In law, there is a principle known as “Ignorantia juris non excusat,” or “ignorance of the law does not excuse.” It holds that a person who is unaware of a law may not escape liability for violating that law.
Without such a standard, many could deceptively feign ignorance and avoid real consequences.
This principle also ultimately led to the resignation on Sunday of Scott Thompson as Chief Executive Officer from internet giant Yahoo. There is an important reminder here for shareholder activists.
Thompson was unable to quell the deafening uproar resulting from allegations, from only two weeks prior, of the misleading inclusion on his resume of a computer science bachelor’s degrees from Stonehill College. Thompson later confirmed that he only achieved an accounting degree from that institution.
A former Internet darling and previous president of PayPal, Thompson joined Yahoo in January to shepherd a turnaround. As of late, he locked horns with Dan Loeb, founder of hedge fund Third Point, which has a 5.8 percent stake in Yahoo. Loeb sought more seats on Yahoo’s board and was refused, subsequently firing back with his allegations questioning Thompson’s resume.
Loeb has since been added to the board of directors, along with Harry Wilson and Michael Wolf, both also of Third Point. In return, Loeb and Third Point ended a proxy fight against Yahoo.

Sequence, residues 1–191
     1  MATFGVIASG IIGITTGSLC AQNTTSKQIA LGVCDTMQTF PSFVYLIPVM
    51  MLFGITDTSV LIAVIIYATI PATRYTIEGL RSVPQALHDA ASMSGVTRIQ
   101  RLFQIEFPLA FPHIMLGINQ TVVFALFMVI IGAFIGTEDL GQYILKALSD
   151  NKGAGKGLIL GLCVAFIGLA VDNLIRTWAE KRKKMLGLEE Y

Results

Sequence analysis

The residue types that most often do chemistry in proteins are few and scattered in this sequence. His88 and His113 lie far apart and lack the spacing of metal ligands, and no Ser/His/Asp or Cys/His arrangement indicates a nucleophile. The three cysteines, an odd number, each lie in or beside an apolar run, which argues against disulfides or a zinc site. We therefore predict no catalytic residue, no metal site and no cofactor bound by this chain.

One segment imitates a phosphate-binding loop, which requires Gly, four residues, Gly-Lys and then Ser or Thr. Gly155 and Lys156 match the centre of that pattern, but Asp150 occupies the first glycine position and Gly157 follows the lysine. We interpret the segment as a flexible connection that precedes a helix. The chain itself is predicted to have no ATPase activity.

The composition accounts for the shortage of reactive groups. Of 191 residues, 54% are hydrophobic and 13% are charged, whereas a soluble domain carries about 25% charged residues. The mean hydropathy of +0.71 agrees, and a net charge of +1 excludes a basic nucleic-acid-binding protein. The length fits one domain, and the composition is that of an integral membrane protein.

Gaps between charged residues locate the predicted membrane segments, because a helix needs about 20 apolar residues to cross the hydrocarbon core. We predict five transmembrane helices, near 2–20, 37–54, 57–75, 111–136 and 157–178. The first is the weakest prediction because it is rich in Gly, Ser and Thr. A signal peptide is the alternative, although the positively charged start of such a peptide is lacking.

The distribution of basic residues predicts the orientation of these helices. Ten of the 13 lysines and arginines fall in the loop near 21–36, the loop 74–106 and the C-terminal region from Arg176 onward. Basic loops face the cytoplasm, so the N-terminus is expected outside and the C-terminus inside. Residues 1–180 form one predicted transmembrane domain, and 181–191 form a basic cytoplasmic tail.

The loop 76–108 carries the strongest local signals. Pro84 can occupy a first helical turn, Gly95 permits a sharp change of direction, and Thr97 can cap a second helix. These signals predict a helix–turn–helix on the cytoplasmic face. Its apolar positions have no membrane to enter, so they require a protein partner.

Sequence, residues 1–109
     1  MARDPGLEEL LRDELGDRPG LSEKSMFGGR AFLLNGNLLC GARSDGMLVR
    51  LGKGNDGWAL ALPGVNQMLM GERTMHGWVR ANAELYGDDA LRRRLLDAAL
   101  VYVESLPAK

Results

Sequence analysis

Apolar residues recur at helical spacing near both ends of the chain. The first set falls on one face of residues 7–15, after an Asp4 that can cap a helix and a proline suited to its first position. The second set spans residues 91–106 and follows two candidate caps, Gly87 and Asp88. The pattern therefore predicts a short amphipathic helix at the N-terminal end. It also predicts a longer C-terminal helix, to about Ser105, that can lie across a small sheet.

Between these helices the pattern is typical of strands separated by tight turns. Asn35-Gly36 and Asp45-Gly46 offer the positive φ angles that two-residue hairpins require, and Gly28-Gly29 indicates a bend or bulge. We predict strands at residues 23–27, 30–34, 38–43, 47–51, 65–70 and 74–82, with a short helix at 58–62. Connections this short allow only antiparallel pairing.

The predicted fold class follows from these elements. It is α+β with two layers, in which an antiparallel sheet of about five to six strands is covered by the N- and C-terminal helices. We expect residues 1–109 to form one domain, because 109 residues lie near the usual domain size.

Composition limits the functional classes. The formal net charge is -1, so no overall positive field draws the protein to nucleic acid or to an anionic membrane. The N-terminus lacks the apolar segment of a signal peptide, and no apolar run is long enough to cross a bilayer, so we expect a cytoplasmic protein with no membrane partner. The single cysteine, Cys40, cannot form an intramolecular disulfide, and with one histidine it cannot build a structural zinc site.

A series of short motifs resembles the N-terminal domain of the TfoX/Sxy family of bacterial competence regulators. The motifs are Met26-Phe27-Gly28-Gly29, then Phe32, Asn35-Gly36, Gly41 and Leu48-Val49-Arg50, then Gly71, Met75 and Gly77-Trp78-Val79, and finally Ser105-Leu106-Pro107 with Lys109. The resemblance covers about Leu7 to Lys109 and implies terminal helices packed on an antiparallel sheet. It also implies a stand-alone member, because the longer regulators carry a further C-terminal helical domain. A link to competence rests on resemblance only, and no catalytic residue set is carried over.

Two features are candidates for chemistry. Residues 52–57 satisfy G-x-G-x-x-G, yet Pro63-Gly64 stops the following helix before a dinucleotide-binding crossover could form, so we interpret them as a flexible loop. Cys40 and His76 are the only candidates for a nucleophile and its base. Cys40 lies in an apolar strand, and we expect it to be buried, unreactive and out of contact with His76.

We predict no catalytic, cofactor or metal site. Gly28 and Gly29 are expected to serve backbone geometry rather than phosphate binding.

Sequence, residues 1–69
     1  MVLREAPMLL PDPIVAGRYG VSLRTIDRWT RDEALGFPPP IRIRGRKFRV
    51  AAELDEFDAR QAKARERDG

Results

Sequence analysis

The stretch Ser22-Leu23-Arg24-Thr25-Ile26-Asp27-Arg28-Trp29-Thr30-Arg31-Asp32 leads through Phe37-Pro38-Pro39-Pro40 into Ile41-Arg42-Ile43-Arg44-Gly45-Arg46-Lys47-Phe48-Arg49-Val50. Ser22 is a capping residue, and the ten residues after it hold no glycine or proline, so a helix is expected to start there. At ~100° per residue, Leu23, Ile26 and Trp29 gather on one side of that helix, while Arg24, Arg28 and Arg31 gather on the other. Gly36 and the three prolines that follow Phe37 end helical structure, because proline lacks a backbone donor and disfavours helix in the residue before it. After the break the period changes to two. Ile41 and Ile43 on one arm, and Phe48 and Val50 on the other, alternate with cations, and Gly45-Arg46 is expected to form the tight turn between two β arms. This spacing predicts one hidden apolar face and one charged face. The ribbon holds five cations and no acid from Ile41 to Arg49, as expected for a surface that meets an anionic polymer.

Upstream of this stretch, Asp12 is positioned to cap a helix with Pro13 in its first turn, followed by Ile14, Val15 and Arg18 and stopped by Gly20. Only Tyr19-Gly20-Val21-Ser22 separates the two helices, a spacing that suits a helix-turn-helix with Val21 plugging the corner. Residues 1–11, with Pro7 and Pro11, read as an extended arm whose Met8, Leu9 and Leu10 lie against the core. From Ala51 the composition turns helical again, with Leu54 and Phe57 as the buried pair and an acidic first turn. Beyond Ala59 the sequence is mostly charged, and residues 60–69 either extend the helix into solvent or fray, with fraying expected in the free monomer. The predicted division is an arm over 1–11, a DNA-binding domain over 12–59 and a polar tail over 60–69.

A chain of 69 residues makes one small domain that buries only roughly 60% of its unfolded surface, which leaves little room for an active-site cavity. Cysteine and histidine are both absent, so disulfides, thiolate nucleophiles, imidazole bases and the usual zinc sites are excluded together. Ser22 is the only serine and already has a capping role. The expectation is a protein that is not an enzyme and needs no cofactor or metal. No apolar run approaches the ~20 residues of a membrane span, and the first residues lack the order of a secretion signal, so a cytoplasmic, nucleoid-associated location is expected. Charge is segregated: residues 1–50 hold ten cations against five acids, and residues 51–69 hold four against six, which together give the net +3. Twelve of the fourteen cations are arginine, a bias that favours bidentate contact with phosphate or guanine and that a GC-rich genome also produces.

Integrity Necessary for Credibility
In actuality, the academic credential itself was almost beside the point, as under-graduate studies are not a pre-requisite for senior corporate leadership.
More importantly, this was a major factual error in a key document, one that Thompson had ample time to correct. Soon after Loeb’s allegation surfaced, Yahoo pulled the credential from Thompson’s corporate bio, but it still remains etched forever more in documents filed with the US Securities & Exchange Commission.
Allowing such a fault to slide would undermine Thompson’s and Yahoo’s credibility, with shareholders, employees, analysts and others. It would forever be a lingering black mark, preferential treatment. No hard evidence has surfaced indicating this was an intentional deception. And, the recruiting firm, Heidrick & Struggles, issued a statement vigorously refuting the claim that its employee was in error, as was earlier surmised by Thompson.
Still, the issue of responsible, meticulous integrity are integral to the mission of corporate leadership. This was not a grammar flub or hanging orphan. If a corporate chieftain cannot be held accountable for misrepresentations on his own resume, how can he hold the rank and file responsible for similar “errors.” The bar of integrity should be held higher for those that serve the publicly traded.
More importantly for shareholders in the Thompson case, the issue transcended a factual error, seized upon by a shareholder activist, and spun out of control in the media.
Like it or not, in the midst of an uphill climb in its turn-around campaign, Yahoo could ill afford such a distraction.
To contact Craig McGuire directly, please email Craig.McGuire@TheShareholderActivist.com.